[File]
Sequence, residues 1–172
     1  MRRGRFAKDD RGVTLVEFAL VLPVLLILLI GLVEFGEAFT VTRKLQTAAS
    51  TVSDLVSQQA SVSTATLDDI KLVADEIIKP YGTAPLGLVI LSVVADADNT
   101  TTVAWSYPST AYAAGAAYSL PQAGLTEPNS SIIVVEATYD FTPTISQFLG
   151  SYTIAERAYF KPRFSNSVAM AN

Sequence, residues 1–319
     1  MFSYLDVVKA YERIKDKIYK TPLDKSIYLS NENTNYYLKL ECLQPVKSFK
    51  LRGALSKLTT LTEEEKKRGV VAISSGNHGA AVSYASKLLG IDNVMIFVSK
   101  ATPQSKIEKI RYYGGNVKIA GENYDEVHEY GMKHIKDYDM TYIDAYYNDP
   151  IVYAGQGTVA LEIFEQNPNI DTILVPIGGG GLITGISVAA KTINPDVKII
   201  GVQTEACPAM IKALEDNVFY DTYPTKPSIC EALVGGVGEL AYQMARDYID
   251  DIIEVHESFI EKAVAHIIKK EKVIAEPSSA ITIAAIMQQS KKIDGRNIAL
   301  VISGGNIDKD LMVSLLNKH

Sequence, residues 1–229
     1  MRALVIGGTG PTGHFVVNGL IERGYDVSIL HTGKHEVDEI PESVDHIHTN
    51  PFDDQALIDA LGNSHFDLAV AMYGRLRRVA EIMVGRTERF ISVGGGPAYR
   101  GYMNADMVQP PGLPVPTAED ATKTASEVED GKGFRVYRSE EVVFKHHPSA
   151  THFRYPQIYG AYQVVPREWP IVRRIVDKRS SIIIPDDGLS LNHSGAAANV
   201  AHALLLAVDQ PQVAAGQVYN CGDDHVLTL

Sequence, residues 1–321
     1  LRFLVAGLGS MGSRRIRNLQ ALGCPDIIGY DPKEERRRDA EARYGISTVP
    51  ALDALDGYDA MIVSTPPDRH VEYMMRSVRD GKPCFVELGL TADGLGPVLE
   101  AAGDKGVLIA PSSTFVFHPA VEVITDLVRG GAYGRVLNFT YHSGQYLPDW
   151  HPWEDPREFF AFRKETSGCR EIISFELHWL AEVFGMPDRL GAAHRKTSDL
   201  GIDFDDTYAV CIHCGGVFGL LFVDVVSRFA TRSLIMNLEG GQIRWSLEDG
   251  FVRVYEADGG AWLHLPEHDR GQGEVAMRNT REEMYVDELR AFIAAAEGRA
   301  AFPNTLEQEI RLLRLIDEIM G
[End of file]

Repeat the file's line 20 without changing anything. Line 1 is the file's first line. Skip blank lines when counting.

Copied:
Sequence, residues 1–321